Jurors will continue to consider hedge fund manager Doug Whitman's fate after a weekend over which they could have mulled lawyers' final words to them.
The jury received the case on Friday, after both sides presented their closing arguments. They deliberated for only about an hour last week.
Whitman is accused of earning nearly $1 million for his Whitman Capital trading technology stocks on insider tips received from several sources. Three of the alleged sources testified against him, and Whitman himself took the stand—the first person to do so in his own defense during the recent insider-trading crackdown, which has ensnared more than 70 people—to tell the jury that his trades were based on innocent, and legal, research.
Not so, prosecutor Jillian Berman argued on Friday.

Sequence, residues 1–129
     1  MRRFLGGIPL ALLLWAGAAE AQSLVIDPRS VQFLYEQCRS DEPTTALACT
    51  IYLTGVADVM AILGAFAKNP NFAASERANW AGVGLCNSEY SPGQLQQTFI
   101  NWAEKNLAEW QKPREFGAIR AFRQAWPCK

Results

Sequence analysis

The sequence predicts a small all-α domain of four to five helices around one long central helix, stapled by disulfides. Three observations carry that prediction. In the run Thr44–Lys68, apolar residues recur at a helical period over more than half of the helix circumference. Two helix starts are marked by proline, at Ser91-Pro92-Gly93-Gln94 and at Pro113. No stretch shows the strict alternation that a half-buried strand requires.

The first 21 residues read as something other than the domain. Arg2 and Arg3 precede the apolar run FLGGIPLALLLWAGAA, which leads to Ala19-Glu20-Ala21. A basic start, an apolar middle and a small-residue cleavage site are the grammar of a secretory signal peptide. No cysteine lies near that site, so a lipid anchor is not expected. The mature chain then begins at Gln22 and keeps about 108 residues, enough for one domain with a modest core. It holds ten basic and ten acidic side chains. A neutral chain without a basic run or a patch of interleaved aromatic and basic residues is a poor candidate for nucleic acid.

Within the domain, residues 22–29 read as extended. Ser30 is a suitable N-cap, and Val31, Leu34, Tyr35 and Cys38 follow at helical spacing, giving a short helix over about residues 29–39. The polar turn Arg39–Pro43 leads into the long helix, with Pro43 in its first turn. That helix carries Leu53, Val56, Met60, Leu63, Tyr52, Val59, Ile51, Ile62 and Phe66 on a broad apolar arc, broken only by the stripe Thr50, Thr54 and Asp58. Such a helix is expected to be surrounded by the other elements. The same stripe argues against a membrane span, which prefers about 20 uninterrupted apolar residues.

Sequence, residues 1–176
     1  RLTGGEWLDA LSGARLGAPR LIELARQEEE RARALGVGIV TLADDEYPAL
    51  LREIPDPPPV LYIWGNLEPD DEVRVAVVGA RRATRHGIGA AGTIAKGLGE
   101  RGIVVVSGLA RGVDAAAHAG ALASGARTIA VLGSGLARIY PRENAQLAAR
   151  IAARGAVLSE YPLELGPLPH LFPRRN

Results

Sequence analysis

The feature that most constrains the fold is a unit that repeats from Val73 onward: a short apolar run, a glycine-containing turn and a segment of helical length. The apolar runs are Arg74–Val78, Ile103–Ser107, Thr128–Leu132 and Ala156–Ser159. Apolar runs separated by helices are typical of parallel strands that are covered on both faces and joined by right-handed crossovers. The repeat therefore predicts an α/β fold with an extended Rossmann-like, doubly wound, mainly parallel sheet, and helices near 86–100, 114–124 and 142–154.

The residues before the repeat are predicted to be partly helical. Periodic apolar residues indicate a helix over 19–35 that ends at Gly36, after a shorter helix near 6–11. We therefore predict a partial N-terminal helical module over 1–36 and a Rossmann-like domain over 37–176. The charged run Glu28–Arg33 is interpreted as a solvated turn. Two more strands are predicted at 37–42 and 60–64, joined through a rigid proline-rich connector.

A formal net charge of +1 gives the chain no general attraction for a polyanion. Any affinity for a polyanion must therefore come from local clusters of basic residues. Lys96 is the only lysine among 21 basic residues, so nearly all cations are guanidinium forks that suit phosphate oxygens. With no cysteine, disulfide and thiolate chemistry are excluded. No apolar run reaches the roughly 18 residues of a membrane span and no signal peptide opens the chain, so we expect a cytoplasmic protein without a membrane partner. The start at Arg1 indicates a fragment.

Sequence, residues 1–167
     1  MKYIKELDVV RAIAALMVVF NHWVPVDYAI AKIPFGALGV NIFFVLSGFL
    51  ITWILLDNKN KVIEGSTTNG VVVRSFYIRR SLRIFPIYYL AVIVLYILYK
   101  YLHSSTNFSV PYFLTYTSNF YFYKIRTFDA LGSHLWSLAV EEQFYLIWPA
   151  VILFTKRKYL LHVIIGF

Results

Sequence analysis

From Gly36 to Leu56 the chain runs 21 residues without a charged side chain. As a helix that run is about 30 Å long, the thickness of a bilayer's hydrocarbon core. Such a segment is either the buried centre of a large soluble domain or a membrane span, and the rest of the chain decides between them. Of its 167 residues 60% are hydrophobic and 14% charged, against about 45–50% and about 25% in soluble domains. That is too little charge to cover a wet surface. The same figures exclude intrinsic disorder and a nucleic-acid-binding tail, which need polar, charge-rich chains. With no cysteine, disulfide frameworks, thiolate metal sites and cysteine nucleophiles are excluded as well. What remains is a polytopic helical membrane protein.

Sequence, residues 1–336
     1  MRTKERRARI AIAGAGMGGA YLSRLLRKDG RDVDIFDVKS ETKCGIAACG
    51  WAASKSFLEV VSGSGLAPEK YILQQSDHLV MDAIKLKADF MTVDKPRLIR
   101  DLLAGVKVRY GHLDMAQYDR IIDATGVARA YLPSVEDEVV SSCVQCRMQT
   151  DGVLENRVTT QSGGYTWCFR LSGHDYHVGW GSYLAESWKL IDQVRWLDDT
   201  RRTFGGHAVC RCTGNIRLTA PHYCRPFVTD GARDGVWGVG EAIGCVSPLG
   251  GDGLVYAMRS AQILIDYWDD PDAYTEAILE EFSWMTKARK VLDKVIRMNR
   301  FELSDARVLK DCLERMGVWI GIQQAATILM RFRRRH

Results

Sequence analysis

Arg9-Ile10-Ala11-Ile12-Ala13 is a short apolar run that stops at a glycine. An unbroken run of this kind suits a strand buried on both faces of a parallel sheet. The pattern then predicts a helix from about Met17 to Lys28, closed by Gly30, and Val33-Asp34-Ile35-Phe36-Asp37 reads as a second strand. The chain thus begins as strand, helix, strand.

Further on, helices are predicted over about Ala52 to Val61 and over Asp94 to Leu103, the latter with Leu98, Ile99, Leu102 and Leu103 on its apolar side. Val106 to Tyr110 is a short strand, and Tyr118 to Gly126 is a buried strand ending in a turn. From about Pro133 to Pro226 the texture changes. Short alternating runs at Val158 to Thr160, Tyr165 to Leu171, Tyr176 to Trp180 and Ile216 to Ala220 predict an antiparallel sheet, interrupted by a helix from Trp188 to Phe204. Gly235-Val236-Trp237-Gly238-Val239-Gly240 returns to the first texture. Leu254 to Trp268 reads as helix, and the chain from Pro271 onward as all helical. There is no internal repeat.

"Mr. Whitman absolutely knew what was allowed and what was not allowed, despite the story the spun up there on the witness stand," she told the jury.
Whitman's lawyer, David Anderson, used his summation to continue to attack the government's three cooperating witnesses, all of whom have pleaded guilty. In particular, he took aim at Roomy Khan, Whitman's former neighbor in Atherton, Calif., and a former employee of Intel Corp. and Galleon Group.
"The fact that Roomy Khan says something doesn't mean a thing," Anderson said. "Roomy Khan has lost her relationship with the truth so long ago."
If convicted of conspiracy and securities fraud, Whitman faces decades in prison. If he is acquitted, he'll be the first person nabbed in the recent crackdown to be freed by a jury; all of the other defendants have been convicted or have pleaded guilty.